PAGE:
Land Rights on the agenda: Tharu Indigenous communities meet local government in Nepal

Land Rights on the agenda: Tharu Indigenous communities meet local government in Nepal

During the first week of September, Indigenous communities met with newly elected local government representatives in the Kailali and Bardiya districts of western Nepal to ensure land rights will be one of their top priorities.

Nepal’s political landscape is changing rapidly with power increasingly decentralized to local governments - the new Constitution allows local governments to develop their own policy and plans for land, forests, and water. Elections held May 2017 restored local government after nearly twenty years.

To make the most of this change, Oxfam in Nepal and Community Self-Reliance Centre (CSRC) brought Tharu Indigenous community and newly elected government officials together for dialogue sessions with the aim of sensitizing them on landlessness in the specific context of the Tharu Indigenous People.

The Tharu are the largest and oldest ethnic group of the Nepali Terai whose ancestral territory is the once isolated jungle area between India and the Himalaya. This isolation ended abruptly in the 1950s, when a large influx of highland farmers moved to the Terai, cutting down its jungle and establishing what is now Nepal’s rice basket.

These new farmers quickly gained ownership over large areas of fertile land and the Tharu found themselves increasingly landless and in debt. Tens of thousands of Tharu became bonded labourers, or Kamaiyas, working to repay debts, often without being allowed to hold their own possessions or land.

Bonded labour was abolished in 2000, with the government declaring all Kamaiya debts void. Ex-kamaiya families were promised alternative land, but this land never came, nor did adequate rehabilitation packages.

In recent years many Tharu, still landless, are returning to their previous landlords as sharecroppers, or occupying land in Kailali and Bardiya. Indeed, approximately 50% of Kailali and Bardiya households are on ailani, or non-registered land. Because of this, many live in constant fear of eviction, while their lack of legal landownership functions as a barrier to important documentation like citizenship. After more than seventeen years of being freed from near-slavery conditions, many Tharu remain excluded from access to public resources like water and forests, and suffer economic discrimination.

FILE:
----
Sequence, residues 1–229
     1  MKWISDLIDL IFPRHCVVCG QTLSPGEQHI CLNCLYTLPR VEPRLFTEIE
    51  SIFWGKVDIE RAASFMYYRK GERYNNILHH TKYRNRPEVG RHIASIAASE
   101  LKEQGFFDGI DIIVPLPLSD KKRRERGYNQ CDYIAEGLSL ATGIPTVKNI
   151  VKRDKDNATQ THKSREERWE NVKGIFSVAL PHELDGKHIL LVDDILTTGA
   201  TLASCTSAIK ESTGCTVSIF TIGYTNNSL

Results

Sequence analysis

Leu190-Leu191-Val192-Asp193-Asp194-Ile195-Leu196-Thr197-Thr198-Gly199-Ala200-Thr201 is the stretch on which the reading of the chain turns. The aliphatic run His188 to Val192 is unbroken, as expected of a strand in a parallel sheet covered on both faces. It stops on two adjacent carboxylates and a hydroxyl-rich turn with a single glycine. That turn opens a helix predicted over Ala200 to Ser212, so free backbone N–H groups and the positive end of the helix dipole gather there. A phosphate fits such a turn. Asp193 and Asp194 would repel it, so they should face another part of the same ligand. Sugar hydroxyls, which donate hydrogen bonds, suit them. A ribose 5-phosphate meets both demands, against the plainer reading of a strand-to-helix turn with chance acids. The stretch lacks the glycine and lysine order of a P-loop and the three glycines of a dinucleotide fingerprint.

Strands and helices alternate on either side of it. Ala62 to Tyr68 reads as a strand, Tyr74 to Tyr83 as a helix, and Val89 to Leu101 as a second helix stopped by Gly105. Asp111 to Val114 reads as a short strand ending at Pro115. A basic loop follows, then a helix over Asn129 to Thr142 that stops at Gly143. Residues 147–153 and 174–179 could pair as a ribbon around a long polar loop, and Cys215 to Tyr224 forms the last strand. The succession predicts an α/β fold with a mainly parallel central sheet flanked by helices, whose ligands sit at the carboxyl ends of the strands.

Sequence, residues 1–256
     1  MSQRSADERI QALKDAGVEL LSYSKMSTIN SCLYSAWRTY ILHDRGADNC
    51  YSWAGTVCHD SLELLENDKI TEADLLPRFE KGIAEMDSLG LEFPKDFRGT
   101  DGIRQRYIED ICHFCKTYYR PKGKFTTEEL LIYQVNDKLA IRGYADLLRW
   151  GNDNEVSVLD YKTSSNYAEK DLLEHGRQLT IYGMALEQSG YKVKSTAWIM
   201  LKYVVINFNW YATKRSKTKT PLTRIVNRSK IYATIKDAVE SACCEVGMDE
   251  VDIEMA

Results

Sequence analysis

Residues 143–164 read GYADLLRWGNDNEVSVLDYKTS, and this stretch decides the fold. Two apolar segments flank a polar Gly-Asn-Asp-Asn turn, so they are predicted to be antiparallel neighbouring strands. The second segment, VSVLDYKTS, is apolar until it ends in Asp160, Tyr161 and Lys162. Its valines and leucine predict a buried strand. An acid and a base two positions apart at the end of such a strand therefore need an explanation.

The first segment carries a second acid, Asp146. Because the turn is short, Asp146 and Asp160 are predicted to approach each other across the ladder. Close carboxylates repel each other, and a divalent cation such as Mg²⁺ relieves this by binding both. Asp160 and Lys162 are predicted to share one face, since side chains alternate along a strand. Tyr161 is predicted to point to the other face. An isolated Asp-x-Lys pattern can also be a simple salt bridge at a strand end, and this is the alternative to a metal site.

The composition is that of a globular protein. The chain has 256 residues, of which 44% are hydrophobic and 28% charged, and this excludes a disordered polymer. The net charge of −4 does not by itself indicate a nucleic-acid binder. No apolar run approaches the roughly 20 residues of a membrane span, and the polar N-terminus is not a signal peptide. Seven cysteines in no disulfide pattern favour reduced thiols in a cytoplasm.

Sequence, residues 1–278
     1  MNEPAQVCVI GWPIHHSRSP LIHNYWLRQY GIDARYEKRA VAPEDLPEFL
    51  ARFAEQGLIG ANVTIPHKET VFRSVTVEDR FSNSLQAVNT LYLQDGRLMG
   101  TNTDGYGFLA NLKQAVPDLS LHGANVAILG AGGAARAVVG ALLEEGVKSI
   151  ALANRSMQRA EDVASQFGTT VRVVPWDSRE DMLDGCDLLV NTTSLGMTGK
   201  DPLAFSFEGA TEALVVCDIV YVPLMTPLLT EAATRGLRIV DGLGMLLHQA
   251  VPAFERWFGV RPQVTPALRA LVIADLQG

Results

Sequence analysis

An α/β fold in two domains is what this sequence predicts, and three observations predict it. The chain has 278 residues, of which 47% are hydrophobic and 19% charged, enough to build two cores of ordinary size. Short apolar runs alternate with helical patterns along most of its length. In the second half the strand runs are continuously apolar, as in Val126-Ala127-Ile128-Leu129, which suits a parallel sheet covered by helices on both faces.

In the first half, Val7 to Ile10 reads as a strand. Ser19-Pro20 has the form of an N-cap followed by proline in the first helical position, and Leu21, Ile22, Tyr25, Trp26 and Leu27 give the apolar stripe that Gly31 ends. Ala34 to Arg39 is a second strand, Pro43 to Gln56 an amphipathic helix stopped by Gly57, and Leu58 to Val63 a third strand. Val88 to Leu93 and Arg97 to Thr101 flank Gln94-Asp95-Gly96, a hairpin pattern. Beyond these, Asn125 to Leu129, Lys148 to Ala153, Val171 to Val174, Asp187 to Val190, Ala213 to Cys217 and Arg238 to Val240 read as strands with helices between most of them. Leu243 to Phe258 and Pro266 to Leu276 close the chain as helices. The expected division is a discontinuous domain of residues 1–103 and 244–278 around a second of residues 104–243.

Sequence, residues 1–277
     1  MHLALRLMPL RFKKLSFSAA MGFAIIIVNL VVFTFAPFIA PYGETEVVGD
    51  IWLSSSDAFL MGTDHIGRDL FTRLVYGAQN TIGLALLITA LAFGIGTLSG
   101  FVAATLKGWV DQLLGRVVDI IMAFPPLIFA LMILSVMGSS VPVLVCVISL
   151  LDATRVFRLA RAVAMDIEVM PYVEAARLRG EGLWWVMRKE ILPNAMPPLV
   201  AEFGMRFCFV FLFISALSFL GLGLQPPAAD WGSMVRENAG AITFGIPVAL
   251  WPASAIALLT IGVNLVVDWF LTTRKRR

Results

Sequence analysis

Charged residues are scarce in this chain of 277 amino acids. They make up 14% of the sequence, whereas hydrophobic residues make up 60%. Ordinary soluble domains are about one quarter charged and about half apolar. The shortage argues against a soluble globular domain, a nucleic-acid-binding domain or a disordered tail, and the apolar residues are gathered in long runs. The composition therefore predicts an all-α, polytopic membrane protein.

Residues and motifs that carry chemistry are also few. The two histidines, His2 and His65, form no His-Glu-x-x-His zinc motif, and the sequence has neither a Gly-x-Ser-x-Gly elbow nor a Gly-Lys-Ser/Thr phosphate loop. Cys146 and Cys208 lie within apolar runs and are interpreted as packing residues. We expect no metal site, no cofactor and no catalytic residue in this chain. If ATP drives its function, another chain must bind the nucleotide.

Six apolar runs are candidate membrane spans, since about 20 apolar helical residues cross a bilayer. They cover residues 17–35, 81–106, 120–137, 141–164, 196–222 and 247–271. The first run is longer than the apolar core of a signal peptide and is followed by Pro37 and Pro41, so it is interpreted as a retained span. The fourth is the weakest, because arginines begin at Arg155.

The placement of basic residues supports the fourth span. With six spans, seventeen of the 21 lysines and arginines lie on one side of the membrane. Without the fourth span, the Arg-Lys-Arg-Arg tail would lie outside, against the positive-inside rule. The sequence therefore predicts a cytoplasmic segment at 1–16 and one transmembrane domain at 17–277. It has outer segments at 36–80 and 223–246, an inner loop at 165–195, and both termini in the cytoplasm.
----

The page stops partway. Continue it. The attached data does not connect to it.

During a serious of preparatory meetings, Community Land Reform Coordination Committees debated on the roles they see for local governments in protecting land, forest and water. Community members agreed on the adequate mapping of available land, and on initiating discussions with the Community Forest Users Groups who manage and use forests as collective resources, urging them to allow former bonded farmers and landless people as members as well.

This was followed by an Interaction Program with Local Government during which committee members could appeal directly to the highest local representatives. They urged local authorities to use the power they were recently awarded, to resolve land right challenges, and to implement Community Land Reform regulations. The local governments committed themselves to the fight against landlessness, with a Municipal Head declaring: “When I took oath of office, I made a commitment that I shall play a primary role in resolving the problems of the landless and the squatters. We shall provide required assistance for operation of the Community Land Reform Practice Program”.

Oxfam in Nepal and CSRC remain hopeful that local governments will take action on landlessness, which is seen as the most pressing political issue in this region. They continue to advocate for an interpretation of land that goes beyond the financial, taking cultural and spiritual aspects into account as well as conveyed by one Indigenous representative: “Water, forest and land are priceless gifts of nature given to us, and cannot just be compared with money. Without them, we cannot live a single moment. That is why it is our duty to conserve them.”

This article was written with thanks to Danick Trouwloon and Rasna Dhakal